The position of the piston 98 within cylinder 96 is determined by hydraulic pressure in lines 106 and 108 which penetrate valve block 90. The rearward end of each cylinder 96 is closed by end cap 110 which is removably fastened by fasteners 112 and provides ready access to the various elements of the gate valving mechanism to control the operation thereof and hence the delivery of plastics material to the molds 40.

The molds 40 are substantially wholly received within cylindrical mold-receiving chambers 38 which extend through the fixed platen 14 from the front face 16 to the back face 34 of platen 14. Each chamber 38 is defined by a generally cylindrical wall surface 120 having a plurality of longitudinally spaced O-ring-receiving grooves 122 therealong. Cooling channels 124 extend through the fixed platen 14 to open into the mold-receiving chambers 38 between the grooves 122 to provide a cooling liquid, typically chilled water, to cool the outside surface of mold elements 40. A water manifold 126 is fixed to the side of platen 14 and acts to distribute the chilled water from a central source to the cooling channels 124. When cooling is not desired, one or more channels in the manifold 126 may be selectively blocked by blocking means 128 as shown in FIG. 5.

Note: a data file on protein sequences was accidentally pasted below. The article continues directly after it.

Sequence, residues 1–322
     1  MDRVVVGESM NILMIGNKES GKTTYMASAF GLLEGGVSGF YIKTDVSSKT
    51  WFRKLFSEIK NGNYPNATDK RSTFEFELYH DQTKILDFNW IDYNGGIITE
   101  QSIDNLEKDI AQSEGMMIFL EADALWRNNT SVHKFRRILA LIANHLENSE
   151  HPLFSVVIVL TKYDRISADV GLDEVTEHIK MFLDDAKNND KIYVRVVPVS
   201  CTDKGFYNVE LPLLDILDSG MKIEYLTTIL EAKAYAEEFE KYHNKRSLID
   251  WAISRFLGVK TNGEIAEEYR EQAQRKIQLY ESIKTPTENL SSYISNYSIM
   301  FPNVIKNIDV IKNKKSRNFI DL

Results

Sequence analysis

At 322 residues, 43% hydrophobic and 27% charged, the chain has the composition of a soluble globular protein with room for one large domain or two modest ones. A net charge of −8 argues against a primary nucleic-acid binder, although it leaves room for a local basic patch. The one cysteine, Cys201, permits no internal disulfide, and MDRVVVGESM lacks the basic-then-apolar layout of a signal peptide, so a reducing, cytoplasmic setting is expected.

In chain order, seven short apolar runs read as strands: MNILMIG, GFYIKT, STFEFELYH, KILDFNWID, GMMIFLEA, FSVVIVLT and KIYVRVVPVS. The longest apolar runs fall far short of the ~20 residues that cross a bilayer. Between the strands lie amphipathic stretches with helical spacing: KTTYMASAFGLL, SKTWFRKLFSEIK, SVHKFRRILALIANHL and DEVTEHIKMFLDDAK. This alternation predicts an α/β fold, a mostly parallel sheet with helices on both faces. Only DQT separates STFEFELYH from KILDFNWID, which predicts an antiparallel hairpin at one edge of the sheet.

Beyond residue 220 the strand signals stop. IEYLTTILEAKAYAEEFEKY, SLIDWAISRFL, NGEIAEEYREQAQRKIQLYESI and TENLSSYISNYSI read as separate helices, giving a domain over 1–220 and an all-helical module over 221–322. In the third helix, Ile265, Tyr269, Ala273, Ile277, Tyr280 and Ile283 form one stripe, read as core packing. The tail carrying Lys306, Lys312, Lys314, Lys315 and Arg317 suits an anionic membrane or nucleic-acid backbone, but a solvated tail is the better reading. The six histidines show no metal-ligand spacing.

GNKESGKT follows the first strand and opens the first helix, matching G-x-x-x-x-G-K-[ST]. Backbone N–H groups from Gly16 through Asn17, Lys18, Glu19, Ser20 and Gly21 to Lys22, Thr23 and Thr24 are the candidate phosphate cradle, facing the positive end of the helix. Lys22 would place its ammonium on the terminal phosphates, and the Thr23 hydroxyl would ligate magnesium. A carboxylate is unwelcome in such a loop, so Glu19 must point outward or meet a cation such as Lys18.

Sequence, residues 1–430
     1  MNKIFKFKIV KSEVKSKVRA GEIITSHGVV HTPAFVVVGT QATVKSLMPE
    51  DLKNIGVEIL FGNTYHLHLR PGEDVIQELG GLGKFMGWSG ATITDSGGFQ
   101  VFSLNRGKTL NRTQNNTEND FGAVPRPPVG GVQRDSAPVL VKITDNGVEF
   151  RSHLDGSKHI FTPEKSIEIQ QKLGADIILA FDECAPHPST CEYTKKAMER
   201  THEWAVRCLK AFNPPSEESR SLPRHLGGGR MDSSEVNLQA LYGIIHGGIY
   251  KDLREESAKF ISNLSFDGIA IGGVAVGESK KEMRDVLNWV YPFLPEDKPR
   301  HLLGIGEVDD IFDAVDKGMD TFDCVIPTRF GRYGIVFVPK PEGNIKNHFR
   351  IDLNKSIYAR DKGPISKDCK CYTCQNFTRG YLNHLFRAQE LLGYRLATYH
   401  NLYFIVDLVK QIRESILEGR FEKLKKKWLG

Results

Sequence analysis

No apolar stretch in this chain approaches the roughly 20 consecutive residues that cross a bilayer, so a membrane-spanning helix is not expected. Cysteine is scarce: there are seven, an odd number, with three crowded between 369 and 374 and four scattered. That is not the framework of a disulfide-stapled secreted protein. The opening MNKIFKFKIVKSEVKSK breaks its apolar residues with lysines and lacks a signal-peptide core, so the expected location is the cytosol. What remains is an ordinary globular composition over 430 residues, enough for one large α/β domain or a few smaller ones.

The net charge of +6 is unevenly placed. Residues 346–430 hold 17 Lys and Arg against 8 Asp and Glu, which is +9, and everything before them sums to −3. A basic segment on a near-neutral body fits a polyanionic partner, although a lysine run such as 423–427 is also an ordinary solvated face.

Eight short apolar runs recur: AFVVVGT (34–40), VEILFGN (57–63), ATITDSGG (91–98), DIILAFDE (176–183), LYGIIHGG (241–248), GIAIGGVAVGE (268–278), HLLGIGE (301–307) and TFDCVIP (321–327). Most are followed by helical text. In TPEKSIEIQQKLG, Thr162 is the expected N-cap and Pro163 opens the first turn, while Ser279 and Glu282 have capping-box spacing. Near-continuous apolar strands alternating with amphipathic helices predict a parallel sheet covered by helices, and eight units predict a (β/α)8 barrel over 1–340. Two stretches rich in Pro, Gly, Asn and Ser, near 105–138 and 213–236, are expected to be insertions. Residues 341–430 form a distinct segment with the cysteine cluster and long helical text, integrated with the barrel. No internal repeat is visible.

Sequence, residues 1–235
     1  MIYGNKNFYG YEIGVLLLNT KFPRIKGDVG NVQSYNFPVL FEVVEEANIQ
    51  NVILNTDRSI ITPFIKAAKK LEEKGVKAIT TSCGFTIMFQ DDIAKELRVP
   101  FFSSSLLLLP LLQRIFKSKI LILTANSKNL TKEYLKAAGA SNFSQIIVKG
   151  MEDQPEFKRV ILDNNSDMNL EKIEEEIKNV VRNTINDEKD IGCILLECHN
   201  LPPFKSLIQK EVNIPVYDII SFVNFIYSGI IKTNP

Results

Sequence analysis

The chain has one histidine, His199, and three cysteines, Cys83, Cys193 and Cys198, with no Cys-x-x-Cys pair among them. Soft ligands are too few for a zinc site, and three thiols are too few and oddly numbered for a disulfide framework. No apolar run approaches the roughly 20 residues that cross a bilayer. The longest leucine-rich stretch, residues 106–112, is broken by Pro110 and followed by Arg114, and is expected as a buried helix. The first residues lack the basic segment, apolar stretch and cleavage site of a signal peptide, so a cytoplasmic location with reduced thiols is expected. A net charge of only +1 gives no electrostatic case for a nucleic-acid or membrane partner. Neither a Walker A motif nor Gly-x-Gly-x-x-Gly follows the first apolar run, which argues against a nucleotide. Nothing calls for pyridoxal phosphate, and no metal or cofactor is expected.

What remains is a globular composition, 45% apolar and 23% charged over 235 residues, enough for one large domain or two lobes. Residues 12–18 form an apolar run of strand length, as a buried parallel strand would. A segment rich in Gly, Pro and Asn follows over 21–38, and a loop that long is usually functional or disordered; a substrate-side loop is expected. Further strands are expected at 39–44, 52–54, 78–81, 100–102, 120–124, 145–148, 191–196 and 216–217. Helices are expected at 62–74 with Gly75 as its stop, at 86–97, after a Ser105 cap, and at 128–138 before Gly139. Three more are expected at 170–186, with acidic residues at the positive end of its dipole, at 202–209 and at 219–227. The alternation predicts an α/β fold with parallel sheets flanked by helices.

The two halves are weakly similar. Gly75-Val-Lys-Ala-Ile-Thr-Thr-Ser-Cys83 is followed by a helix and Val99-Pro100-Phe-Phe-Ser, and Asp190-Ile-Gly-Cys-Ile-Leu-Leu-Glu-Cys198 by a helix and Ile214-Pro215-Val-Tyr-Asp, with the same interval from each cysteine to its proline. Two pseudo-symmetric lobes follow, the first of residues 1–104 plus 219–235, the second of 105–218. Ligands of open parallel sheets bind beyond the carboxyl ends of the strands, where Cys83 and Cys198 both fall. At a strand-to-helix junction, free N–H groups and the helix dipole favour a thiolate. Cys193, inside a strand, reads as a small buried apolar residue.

The molds 40 which are received within the receiving chambers 38 are themselves circumscribed by a plurality of channels 130 through and around which the cooling fluid circulates. The channels 130 extend substantially completely around the perimeter of the mold cavity elements 40. The mold cavity elements further include an opened end 132 and a substantially closed end 134. The valve gate 102 contacts the substantially closed end 134 with the valve rod 100 closing the small open portion of the closed end 134 of the mold element 40. The open end 132 includes a radially projecting collar or ring 136 for retaining the mold element within the fixed platen 14 by means of appropriate fasteners 138. In certain circumstances such as that illustrated in FIG. 4, the ring portion 136 may include additional cooling channels 140 which are coupled to manifold 126 by means of pipes or tubes 142. Even where the enlarged ring portion 136 as shown in FIG. 4 is employed, the major longitudinal portion of cavity element 40 is received wholly within chamber 38 of platen 14.